Super Suits Ruined Swimming

James Magnussen should break a world record. He won't.

Robert Whiteby Robert White

Australian swimmer James Magnussen clocked an amazing time in the men’s 100m freestyle at Australian Olympic swimming trails today but, sadly, will not likely ever achieve a world record thanks to the now banned super suits.

The 20-year-old is the probable favourite to win the event when the London Olympics kick off later this year and his time, 47.10 seconds, was just short of the world record held by Brazilian Cesar Cielo.

Magnussen’s time was so good that it was the fastest achieved since FINA ousted the super suit (Cielo's time features a supersuit asterisk).

That move came in 2010 when the sport’s governing body put an end to all the ridiculousness. The budgie smugglers returned for the men and the women were back to the shoulders-to-knee outfit.

Those polyurethane swimsuits put more than a few people off the sport during a time when it seemed like a world record was being broken every second day. At the 2009 FINA World Championships a lazy 43 world record were broken and from the time the suits hit the water in 2008, there were 255 world records broken. Think about that. It’s like the equivalent of somebody inventing a rocket shoe for basketballers.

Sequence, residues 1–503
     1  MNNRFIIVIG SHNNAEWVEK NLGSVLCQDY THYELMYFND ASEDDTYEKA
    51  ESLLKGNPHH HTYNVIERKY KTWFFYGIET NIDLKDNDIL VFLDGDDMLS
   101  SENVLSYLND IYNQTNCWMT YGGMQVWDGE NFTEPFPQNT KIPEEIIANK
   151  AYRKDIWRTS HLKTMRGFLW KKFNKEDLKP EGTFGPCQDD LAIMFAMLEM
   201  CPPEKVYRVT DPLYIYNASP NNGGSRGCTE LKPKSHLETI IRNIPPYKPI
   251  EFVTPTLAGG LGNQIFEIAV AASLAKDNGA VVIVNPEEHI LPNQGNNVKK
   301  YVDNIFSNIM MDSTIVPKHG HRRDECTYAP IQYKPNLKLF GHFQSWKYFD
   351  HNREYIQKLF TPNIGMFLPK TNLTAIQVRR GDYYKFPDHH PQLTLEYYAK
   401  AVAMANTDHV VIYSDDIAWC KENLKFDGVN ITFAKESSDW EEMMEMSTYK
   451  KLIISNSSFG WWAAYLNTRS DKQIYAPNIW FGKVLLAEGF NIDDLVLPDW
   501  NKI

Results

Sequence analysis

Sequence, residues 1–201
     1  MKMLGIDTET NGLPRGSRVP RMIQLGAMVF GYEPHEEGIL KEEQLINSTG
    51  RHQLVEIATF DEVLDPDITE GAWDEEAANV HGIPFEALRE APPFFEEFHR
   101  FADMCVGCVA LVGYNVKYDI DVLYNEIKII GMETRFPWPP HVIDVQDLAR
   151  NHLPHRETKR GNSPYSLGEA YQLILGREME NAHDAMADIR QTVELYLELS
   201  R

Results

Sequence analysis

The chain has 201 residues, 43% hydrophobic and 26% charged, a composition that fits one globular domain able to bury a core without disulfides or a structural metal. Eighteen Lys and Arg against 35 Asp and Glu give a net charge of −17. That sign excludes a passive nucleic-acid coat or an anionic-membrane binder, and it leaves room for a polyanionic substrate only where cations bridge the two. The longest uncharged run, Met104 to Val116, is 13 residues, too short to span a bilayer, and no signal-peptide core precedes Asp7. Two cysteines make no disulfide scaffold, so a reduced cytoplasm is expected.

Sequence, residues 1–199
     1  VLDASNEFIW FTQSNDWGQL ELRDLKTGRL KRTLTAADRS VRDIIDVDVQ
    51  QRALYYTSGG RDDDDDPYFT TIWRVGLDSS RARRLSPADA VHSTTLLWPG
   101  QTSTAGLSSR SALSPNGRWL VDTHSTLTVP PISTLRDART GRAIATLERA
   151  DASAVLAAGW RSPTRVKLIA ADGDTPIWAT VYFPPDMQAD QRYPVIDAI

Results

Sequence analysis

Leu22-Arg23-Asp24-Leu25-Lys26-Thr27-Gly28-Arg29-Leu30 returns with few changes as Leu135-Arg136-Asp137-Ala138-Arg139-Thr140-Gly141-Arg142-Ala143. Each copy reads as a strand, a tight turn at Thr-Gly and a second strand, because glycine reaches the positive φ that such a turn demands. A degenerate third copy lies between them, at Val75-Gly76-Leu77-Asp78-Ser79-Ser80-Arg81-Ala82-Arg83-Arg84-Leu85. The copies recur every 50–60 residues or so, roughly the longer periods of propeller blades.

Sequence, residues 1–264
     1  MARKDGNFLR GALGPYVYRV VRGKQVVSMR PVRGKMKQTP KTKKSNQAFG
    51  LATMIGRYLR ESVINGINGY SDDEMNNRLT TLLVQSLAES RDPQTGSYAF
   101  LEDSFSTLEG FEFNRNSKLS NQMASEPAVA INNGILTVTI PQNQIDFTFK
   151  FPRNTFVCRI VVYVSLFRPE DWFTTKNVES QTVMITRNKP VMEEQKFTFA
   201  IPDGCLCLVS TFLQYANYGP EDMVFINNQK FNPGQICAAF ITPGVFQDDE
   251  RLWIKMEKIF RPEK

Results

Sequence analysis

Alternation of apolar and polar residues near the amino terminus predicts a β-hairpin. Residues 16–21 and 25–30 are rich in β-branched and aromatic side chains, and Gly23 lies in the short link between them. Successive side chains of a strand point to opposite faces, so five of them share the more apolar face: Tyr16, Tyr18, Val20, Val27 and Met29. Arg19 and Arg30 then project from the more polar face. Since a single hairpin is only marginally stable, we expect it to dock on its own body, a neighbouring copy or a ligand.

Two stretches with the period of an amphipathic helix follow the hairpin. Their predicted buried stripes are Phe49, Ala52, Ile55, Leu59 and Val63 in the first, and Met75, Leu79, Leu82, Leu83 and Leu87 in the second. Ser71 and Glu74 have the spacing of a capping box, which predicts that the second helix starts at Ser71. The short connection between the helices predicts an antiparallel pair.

The move that banned the super suit was a good one by FINA, but the records set in that two year dark period remain. That yellow record line that the swimmers chase in the pool won’t be needed for a while, and definitely not in London.

At least swimming has returned to what it once was and we can all get excited about seeing the best battle it out in the pool this July.